The FDA’s approval of this new product was accompanied by several landmark decisions: they determined that carrier screening tests would be classified as class II medical devices and that select types would be exempt from premarket review, expediting their path to market.
“The FDA believes that in many circumstances it is not necessary for consumers to go through a licensed practitioner to have direct access to their personal genetic information,” Alberto Gutierrez, director of In Vitro Diagnostics and Radiological Health, said of the decision.
The FDA did insist that 23andMe provide detailed product labeling that explained what the results may mean for prospective parents, as well as information on how to find genetic counselling services.

September 15, 2016: FDA sends warning letter to Tute Genomics

Tute Genomics was the next genetics testing company to catch the attention of the FDA. They initiated a Kickstarter campaign as part of their goal to make genetic information more accessible to the general public—and it proved wildly successful. Genetic Direct reported that in just five hours, the company reached 30 percent of their $100,000 goal.
“When it comes to their DNA, most people can only wonder,” the campaign’s promotional video announced. “But what if you didn’t have to?”
It looks like we’ll have to wonder a little longer. The FDA sent a warning letter to Tute Genomics on September 15, 2016, explaining that the project could violate certain regulations.
In response, Tute Genomics cancelled the Kickstarter campaign. “The quest to give the consumer empowering self-knowledge from their genetic code has been fraught with regulatory obstacles,” CEO Reid Robison wrote to backers, explaining why and how the project had come to a halt.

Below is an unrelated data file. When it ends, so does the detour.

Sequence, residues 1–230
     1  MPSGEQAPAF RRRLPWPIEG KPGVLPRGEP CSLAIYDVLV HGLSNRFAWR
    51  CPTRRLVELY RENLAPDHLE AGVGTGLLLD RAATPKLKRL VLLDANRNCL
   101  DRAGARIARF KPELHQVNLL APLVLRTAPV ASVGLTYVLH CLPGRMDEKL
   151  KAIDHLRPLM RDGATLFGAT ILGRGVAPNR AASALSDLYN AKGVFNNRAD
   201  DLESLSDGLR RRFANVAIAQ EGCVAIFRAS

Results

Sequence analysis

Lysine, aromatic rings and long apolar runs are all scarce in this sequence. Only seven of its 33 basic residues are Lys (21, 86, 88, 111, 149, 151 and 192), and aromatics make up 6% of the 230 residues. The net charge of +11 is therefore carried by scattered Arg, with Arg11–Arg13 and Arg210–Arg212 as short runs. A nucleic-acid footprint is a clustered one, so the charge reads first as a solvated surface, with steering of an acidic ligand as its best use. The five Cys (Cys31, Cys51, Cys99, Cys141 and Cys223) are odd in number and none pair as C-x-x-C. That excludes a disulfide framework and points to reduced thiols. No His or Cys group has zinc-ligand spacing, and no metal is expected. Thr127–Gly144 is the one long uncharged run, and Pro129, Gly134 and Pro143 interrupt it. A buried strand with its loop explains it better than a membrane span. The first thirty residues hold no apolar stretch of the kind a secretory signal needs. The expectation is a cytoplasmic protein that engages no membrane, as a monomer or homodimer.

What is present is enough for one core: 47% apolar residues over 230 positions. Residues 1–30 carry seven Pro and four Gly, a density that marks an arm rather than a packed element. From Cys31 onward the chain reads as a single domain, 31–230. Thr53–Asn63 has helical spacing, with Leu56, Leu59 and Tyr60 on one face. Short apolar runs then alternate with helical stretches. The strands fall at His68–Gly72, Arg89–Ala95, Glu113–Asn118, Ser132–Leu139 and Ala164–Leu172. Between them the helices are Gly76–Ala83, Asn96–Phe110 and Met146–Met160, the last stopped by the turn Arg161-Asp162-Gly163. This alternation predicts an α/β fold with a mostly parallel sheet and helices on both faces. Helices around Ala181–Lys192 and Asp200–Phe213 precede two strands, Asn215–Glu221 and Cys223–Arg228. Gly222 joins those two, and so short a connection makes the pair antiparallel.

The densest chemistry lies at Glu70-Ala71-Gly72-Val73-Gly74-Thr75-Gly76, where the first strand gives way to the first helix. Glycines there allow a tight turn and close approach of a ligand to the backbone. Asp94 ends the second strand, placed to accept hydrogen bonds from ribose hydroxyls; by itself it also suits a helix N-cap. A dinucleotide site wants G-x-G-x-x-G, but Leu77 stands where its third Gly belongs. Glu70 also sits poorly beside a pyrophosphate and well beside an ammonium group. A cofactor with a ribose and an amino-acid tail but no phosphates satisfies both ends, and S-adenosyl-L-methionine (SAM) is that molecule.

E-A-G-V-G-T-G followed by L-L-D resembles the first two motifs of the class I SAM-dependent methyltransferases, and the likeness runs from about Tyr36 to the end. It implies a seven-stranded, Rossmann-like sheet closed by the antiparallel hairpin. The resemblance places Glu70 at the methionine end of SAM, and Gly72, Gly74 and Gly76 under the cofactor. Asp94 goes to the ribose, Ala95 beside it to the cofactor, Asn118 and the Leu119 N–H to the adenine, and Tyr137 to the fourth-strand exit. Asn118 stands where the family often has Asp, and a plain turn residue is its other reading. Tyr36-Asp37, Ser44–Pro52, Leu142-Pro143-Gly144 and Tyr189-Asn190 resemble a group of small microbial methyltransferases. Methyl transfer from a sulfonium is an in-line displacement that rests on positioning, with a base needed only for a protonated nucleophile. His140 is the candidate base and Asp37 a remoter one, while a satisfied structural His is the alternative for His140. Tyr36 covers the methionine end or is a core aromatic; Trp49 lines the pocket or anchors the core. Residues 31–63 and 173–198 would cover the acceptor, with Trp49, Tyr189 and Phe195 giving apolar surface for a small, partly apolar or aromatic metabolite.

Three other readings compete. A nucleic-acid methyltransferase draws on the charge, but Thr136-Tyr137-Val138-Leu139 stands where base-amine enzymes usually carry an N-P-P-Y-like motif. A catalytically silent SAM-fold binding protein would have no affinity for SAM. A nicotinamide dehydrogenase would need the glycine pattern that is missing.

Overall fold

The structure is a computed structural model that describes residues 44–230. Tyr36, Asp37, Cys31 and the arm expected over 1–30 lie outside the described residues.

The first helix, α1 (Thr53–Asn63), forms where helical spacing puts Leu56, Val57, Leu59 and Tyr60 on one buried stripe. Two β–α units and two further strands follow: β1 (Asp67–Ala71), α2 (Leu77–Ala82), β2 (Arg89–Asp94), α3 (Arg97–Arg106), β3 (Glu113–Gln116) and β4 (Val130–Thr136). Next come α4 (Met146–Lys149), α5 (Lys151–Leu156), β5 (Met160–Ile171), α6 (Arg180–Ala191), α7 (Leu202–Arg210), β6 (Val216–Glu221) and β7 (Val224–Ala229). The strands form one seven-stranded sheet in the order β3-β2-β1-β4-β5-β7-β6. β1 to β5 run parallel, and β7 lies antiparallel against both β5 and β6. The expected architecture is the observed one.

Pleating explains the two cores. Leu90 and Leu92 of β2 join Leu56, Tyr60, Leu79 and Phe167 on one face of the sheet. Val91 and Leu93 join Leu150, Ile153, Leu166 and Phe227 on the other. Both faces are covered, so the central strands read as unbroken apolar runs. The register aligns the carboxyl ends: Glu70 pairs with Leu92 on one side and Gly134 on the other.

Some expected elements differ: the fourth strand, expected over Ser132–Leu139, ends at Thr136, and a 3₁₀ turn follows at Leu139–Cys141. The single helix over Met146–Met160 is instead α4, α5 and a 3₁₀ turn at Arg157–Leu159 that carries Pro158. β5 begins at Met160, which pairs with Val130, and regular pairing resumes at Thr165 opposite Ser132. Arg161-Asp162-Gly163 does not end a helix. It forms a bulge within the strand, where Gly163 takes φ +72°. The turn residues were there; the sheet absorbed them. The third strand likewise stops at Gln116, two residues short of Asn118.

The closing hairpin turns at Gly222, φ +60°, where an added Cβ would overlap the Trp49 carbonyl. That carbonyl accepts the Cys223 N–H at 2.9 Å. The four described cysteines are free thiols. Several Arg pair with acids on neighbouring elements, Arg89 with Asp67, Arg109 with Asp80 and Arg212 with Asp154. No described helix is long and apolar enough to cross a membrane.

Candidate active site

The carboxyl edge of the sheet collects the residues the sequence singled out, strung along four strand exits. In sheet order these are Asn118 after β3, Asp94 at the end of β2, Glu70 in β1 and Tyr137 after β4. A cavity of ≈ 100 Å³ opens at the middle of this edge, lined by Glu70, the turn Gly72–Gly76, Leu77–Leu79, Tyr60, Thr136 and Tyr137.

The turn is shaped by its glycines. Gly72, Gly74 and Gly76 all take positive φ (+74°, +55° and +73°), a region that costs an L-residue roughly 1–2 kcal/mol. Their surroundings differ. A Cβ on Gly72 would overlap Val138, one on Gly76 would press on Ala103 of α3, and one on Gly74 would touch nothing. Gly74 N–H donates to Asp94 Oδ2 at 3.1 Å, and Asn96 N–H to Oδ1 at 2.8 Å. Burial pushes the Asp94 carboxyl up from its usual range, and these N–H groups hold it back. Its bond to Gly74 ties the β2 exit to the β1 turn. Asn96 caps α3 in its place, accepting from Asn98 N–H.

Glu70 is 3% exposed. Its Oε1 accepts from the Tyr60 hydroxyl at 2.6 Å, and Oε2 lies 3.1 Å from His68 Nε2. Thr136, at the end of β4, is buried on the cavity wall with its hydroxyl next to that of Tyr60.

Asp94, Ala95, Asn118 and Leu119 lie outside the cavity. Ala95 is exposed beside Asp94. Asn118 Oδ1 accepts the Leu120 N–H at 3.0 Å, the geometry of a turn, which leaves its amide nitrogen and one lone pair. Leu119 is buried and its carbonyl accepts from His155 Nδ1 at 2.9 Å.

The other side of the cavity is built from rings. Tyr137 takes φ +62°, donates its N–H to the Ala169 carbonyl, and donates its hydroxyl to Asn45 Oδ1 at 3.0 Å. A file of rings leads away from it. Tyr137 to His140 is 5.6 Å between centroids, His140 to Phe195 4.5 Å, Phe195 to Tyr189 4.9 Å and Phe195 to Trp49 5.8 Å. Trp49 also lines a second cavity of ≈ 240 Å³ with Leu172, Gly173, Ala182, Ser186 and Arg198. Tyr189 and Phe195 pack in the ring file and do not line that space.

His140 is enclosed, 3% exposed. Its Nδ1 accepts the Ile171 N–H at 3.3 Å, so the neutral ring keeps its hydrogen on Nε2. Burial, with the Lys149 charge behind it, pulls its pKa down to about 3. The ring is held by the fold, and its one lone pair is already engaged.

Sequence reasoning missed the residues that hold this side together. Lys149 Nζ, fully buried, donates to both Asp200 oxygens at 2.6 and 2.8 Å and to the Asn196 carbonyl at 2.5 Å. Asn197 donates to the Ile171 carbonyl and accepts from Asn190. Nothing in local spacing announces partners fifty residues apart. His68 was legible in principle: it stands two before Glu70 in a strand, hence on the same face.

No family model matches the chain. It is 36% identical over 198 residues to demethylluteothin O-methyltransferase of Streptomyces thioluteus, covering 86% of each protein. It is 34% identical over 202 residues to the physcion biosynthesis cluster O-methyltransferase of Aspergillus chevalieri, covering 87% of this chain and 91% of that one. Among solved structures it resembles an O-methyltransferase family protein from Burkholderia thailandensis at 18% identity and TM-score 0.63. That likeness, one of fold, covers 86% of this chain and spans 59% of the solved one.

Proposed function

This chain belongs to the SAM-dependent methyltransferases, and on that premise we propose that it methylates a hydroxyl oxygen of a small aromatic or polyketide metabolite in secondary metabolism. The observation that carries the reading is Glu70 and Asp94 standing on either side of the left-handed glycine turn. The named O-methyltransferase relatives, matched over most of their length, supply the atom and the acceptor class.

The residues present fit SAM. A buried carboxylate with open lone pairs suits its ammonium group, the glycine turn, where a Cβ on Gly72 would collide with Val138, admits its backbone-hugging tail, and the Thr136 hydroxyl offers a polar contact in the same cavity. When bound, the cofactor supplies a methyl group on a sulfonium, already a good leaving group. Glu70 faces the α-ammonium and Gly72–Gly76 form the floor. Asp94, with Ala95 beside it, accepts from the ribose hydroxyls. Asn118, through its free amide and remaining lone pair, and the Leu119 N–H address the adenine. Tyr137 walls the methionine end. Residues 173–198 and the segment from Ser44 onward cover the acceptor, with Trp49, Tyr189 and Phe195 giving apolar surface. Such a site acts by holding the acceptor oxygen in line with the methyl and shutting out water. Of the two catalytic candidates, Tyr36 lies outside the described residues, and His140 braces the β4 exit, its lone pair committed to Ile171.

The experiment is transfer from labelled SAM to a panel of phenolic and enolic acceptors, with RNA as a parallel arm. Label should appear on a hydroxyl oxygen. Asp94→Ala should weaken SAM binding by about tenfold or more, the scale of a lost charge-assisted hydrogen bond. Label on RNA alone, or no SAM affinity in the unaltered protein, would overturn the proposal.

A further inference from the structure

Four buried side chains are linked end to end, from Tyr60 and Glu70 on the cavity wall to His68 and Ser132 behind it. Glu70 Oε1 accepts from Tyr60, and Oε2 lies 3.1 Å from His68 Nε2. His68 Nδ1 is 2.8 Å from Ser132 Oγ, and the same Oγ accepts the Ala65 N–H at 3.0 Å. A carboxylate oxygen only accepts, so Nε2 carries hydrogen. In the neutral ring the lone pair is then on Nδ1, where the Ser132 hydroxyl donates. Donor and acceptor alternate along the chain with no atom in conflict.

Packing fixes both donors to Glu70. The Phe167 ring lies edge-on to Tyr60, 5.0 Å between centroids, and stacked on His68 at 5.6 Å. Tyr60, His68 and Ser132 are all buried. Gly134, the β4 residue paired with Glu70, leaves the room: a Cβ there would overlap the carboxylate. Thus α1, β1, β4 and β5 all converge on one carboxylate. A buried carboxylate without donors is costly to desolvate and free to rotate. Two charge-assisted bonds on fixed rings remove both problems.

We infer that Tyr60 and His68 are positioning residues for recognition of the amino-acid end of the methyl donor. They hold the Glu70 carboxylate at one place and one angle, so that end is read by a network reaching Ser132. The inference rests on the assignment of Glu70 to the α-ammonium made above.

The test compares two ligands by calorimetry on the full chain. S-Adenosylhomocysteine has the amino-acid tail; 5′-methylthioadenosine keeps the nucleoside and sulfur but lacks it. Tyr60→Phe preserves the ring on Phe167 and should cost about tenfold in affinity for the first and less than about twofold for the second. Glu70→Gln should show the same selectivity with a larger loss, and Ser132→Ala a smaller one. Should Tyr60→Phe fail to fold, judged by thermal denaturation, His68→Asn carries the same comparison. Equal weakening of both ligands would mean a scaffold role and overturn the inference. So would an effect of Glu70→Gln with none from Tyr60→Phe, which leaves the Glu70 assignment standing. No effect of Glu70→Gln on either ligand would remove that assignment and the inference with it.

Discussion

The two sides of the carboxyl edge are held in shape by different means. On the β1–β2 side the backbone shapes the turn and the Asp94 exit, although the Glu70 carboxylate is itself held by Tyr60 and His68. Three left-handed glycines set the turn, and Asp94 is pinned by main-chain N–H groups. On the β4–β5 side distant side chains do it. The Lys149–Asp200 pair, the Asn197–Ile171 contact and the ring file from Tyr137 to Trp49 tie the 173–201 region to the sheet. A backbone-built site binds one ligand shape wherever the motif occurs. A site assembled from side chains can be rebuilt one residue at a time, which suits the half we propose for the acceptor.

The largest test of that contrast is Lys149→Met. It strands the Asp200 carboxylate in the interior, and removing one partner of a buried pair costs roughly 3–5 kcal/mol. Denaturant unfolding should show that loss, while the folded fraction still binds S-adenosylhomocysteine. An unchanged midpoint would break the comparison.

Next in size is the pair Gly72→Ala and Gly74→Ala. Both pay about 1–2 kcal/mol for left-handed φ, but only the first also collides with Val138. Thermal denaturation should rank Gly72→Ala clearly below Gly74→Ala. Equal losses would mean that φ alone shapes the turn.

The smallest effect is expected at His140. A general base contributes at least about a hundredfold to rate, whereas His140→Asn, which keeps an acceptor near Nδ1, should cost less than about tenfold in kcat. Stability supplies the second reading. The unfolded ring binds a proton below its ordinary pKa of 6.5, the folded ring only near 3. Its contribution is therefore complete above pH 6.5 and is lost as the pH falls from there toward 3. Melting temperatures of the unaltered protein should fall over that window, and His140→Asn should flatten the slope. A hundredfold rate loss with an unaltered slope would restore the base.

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In sum

Certainly, regulatory issues abound when it comes to genetic testing and products marketed DTC—and the struggles faced by companies like 23andMe or Tute Genomics are sure to arise again in the years to come, by public and private businesses the world over.
But that doesn’t mean genetics companies are moving on. 23andMe continues to focus on personalized health reports: they announced on October 21, 2015 that more carrier tests would be available soon. And the company is hopeful that the FDA will one day permit them to provide genetic information on health risks too.
As for Reid’s vision of democratizing genetics? Tute Genomics may have cancelled it’s campaign temporarily, but the company is working with the FDA in order to move forward as soon as possible. “We’ll be back,” Robison promised his backers.
Many companies believe that personalized medicine is the way of the future—and genetics-based therapies, of course, are the only way to tailor treatment to a patient’s unique DNA. That means however daunting the regulatory process may appear, this industry isn’t likely to slow down anytime soon.
Don’t forget to follow us @INN_LifeScience for real-time news updates.

Securities Disclosure: I, Chelsea Pratt, hold no direct investment interest in any company mentioned in this article.